Final Word from Monday, February 21, 2011



Without a tax break or other incentive, why would Czechs commit now to entrusting 2% of their salary to a private pension fund every month for as long as 50 years without the ability to withdraw early or to borrow against the savings? The risks will seem too high for most people. Unless, perhaps, there is a Harvard moment. Viktor Kožený of Harvard Capital won over skeptical Czechs by promising them Kč 10,000 for their coupon-privatization booklets. Depending on how the issues of the future retirement age, the management fees of pension funds, and the inheritance rights to the residual 2% personal contribution and 3% "state" contribution are resolved, it might be very attractive for pension funds to boost participation by giving some sort of sign-up bonus. The risk, of course, is that the higher the bonus, the more Czechs will suspect that pension reform is another Harvard-like scam.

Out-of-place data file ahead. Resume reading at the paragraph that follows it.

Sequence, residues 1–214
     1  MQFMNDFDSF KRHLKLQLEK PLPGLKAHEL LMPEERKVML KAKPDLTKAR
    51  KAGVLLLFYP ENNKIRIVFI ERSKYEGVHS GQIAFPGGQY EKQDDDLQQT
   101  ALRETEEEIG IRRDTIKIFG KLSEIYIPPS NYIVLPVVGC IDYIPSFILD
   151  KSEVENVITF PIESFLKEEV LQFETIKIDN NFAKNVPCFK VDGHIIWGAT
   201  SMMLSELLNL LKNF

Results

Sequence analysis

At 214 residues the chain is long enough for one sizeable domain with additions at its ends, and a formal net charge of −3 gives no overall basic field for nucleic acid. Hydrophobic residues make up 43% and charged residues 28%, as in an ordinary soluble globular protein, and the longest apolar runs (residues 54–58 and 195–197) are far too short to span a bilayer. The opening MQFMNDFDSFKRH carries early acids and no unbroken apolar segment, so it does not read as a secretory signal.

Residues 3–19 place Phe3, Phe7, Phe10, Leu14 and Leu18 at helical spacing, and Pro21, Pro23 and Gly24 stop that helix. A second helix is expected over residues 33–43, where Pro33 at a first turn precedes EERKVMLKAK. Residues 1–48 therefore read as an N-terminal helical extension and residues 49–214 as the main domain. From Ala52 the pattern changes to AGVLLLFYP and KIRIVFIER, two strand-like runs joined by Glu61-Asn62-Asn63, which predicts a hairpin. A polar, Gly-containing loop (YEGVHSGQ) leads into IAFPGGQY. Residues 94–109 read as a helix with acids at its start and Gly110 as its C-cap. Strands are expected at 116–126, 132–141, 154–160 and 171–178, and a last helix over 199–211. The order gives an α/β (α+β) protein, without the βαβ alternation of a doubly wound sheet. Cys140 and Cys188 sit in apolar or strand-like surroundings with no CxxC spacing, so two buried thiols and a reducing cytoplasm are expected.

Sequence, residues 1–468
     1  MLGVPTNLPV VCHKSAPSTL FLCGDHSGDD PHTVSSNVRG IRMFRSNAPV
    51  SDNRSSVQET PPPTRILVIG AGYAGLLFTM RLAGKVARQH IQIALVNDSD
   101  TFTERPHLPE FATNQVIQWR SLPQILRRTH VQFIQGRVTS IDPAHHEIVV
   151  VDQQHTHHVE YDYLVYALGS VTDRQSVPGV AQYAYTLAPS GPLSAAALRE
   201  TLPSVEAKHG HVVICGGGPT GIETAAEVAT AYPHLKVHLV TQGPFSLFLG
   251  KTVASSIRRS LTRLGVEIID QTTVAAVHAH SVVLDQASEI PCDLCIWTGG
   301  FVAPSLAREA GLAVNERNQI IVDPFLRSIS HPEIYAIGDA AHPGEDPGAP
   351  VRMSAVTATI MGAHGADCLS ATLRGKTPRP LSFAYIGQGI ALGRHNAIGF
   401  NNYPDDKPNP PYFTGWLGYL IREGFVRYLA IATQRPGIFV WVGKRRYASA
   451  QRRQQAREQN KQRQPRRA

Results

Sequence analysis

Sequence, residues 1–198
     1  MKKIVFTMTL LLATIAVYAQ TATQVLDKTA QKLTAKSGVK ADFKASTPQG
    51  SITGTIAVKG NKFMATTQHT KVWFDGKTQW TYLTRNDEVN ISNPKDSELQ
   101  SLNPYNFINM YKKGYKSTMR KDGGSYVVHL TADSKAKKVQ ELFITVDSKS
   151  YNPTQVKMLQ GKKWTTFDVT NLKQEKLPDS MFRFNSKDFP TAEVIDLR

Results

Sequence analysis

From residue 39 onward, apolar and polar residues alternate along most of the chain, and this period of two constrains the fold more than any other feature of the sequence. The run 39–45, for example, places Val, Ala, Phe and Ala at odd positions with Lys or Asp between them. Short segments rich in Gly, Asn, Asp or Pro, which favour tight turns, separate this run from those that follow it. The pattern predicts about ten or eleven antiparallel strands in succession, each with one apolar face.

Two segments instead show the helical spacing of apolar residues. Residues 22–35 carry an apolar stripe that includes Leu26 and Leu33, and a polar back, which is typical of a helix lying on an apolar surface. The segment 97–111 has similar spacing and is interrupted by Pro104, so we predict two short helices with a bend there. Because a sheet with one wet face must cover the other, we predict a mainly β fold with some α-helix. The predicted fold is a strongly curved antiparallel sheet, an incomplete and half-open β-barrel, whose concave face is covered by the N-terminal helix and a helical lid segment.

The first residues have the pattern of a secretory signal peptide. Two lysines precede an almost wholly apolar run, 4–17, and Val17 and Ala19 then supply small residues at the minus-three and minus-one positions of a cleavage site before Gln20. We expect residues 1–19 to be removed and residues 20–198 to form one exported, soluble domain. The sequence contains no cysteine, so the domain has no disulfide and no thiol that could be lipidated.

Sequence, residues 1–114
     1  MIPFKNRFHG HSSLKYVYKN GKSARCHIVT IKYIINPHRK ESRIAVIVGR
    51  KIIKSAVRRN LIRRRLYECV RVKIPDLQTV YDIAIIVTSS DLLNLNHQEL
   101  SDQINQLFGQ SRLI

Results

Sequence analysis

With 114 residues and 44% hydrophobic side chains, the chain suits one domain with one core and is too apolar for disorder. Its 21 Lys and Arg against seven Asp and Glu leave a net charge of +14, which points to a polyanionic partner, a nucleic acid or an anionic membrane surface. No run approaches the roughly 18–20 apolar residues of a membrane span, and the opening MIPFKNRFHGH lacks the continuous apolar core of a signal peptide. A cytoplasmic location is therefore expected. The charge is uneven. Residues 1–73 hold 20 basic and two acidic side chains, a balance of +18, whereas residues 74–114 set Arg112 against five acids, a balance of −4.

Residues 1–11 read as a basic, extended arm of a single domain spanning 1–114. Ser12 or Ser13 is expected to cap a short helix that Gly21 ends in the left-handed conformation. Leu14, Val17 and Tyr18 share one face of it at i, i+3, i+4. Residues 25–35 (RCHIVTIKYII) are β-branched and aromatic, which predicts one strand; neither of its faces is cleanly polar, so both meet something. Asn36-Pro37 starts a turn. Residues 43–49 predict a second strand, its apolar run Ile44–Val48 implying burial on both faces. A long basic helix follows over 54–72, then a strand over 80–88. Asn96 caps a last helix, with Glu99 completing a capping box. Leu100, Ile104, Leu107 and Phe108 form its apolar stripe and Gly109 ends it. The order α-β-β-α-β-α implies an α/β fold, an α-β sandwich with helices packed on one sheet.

Glossary of difficult words

incentive - a thing that motivates or encourages someone to do something;

2% of salary - this figure is not precise (due to the way taxes and pension contributions are calculated) and is used for simplification;

to win someone over - to gain the support of someone by action or persuasion;

3% "state" contribution - it is not entirely clear who, in the event of death, will keep the 3% amount that is diverted from the state pension system into the private system;

residual - left over (after the insured person dies);

scam - a dishonest scheme; a fraud.

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